From: Hendrik Schober (SpamTrap_at_[hidden])
Date: 2005-05-25 10:08:49
Jason Earl <Jason_at_[hidden]> wrote:
> You've probably come out with a worst case scenario
Have I? So what did I do wrong to get me into
this? I just downloaded the stuff and followed
the guide. It seems easy to hit the worst case.
> with regards to
> that attempt to compile things, and I do remember a few things being a
> pain initially when compiling for the first time. However, it didn't
> take long for me to make intelligent guesses on what to do to get
> things working, and it was only minutes before I managed to get things
> working smoothly when I last tried. This is certainly a lot less
> painless than a some of the builds I've done on Linux for web stuff.
> I think a lot of Windows users are too used to things just working out
> of the box, and give up if things don't work like that.
If wanted, I'd most likely find out, too. The
original argument was that it takes too much
effort to do this. I second that.
There's too many out there who simply won't spend
that effort (and who don't share your resentiments
against anything but shell typing). I repeat:
Do you want widespread use of boost or do you want
widespread use of boost among programmers who know
their way around with a shell?
> As for understanding what targets are etc, I think most developers will
> know what targets are. [...]
With thinking a few seconds I came up with three
overloaded meanings we use the term for here. I
still don't know what exactly targets are in the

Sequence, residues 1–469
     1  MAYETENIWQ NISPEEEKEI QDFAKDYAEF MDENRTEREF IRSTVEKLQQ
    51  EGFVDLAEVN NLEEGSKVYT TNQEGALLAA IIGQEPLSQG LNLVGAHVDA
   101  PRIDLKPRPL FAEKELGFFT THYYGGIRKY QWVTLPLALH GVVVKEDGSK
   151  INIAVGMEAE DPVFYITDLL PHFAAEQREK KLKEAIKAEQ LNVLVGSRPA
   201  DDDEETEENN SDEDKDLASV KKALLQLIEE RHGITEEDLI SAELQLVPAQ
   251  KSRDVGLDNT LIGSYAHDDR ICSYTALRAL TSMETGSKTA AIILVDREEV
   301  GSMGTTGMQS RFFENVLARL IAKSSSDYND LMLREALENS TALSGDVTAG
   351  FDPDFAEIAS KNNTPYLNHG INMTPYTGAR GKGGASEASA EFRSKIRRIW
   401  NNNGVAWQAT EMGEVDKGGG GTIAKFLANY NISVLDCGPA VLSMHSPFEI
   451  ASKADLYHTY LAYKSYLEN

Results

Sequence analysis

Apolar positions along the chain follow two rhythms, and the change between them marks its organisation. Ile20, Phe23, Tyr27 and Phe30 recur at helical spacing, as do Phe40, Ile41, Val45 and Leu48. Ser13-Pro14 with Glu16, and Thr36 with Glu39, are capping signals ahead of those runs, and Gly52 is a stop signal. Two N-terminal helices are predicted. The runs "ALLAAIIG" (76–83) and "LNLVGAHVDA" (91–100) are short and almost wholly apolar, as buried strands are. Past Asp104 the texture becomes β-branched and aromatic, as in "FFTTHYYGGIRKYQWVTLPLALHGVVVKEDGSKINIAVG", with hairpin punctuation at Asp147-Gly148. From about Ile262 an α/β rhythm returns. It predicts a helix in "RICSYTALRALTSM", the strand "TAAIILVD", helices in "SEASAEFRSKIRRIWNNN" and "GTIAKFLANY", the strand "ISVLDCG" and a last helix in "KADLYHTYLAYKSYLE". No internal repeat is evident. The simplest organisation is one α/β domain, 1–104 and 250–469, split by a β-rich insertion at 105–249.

boost build system. And frankly, don't think I
should need to read its documentation in order
to know. There's a lot I have to fit into one
day, it's already tight without reading it.
> Despite all the errors people might get with installing, Boost does
> have this excellent mailing list where people can quickly get the help
> they need.
Do you want all users come to the mailing list
and ask? (Then why have a build system at all?)
> Maybe it would be good to have some control over build verbosity (there
> probably already is some, I just haven't looked yet), Maybe logging the
> build info to a file would be better and then logging errors, messages
> etc to the screen (and maybe a separate) log file.
Yes, I thought of this myself. But the heck --
there's so many libs out there I will never
have the time to look at.
If I wouldn't know boost is more than just
another one of those, I would just forget
about it keep hacking.
> You really can't complain at long error messages.
Why not? (Where would we be hadn't we complained
all the time? <g> )
> After all C++
> programmers should be used to them, they happen all of the time with
> template based code.
True. My compiler smoetimes spits out 3-4k error
messages for templates, too. But it gives me the
convenience of easily navigating among them. (And
I still complain to my vendor that I want this
> On 25 May 2005, at 14:46, Hendrik Schober wrote:
-- SpamTrap_at_[hidden] is never read I'm Schobi at suespammers dot org "Coming back to where you started is not the same as never leaving" Terry Pratchett
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